The importance of not missing a bike service...

Author: Adrian   Date Posted:21 February 2017 

One of our customers was having some trouble with his bike one day.  He was riding down the highway and all of a sudden the engine cut out.  Now he missed his last service and was about 3,000 KM over... woops!  He called up road side assist and got his bike towed to his local bike shop (which is a well known chain of repair shops in Victoria) and they gave him a new battery and sent him on his way.  He was misinformed that the problem was a battery by road side assist and as such that is what he asked for.   He got home and a short while later the bike cut out again - he managed to ride it back to the repair shop and the mechanic took a look.  They weren't sure what was going on and at that point I told my mate to get the bike sent to us to get it checked over by our mate Frank who runs a bike repair service out of our warehouse.

As soon as it showed up Frank spotted there was some oil spray on the side of the engine and he cracked it open. This is what he found as soon as the valve cover came off.

Inside you can see that the cam shaft cap retainer is somewhat loose...

Here is a much better view of the retainer that has come loose in the engine.  It just slowly worked it's way up as it wasn't tightened properly at the factory.

The damage was well.. pretty bad.  The valve cover was totally destroyed on the inside.

The cam journels should be nice and smooth; same with the valve shims. A whole lot of uneven wear from the inside of the engine having the guts knocked around.  The whole inside was completely destroyed by what is clearly a factory fault because two small screws came loose on the inside. As the bike only had 30,000 'ish km's on it the previous mechanics had no real reason to pop open the cover to do any valve adjustments.  Though most any mechanic should have quickly noticed the oil spray coming out the side of the engine and possibly questioned why the bike's oil had run dry.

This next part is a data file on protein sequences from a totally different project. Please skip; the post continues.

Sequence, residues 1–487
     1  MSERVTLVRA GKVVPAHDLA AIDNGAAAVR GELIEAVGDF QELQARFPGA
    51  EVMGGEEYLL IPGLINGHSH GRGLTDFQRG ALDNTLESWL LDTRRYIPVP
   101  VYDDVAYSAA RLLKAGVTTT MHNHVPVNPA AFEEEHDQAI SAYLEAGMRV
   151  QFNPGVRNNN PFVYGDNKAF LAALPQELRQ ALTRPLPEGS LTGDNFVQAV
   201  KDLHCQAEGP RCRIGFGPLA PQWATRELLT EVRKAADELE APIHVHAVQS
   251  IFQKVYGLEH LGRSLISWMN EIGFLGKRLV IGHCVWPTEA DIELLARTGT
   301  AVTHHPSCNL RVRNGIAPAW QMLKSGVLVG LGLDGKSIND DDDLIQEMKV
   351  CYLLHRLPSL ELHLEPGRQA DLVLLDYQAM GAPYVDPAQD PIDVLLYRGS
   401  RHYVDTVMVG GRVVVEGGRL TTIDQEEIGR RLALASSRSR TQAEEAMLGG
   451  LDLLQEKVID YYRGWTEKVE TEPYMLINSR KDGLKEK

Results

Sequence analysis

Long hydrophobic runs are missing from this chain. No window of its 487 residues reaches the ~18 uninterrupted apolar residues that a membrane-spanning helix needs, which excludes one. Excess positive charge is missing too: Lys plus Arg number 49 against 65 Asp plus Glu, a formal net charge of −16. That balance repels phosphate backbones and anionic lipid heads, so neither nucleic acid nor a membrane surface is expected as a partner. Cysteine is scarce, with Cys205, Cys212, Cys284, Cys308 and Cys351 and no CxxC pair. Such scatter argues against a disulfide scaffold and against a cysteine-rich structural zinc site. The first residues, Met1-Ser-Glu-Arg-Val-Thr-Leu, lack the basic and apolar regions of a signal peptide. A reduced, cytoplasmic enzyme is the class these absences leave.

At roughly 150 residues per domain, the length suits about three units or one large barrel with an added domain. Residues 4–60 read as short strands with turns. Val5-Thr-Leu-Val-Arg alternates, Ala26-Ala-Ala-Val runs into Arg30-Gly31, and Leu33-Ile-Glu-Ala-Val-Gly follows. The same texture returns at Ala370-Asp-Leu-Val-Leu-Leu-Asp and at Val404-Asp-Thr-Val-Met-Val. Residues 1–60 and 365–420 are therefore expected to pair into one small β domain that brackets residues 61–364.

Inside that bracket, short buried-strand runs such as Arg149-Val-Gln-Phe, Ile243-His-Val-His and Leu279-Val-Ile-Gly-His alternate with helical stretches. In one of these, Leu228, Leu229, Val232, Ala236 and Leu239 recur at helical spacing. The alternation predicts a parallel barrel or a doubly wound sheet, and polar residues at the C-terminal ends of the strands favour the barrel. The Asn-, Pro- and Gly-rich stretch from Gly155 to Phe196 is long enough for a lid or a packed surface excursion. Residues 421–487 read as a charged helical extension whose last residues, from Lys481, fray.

Total cost to buy just the new parts from Kawasaki was in excess of $3K but thankfully Frank managed to source a replacement engine with half the km's on it and at a fraction of the cost.  There is a few lessons to be learned from this though:

  1. Always maintain your regular service scheduling and make sure you take your bike to competent mechanics who can spot issues before they become a big problem
  2. Every week or so do a walk around and check your bike for any leaking oil or anything that seems out of place. Check your tyre pressure!
  3. Check your oil levels too.  If you don't know how make sure you have a read of your owners manual (there is a fair bit of useful info in there) or ask your mechanic

Now I'm not a mechanic and I probably didn't explain everything correctly with the right terms but for those of you who are mechanics I'm sure the pictures will suffice.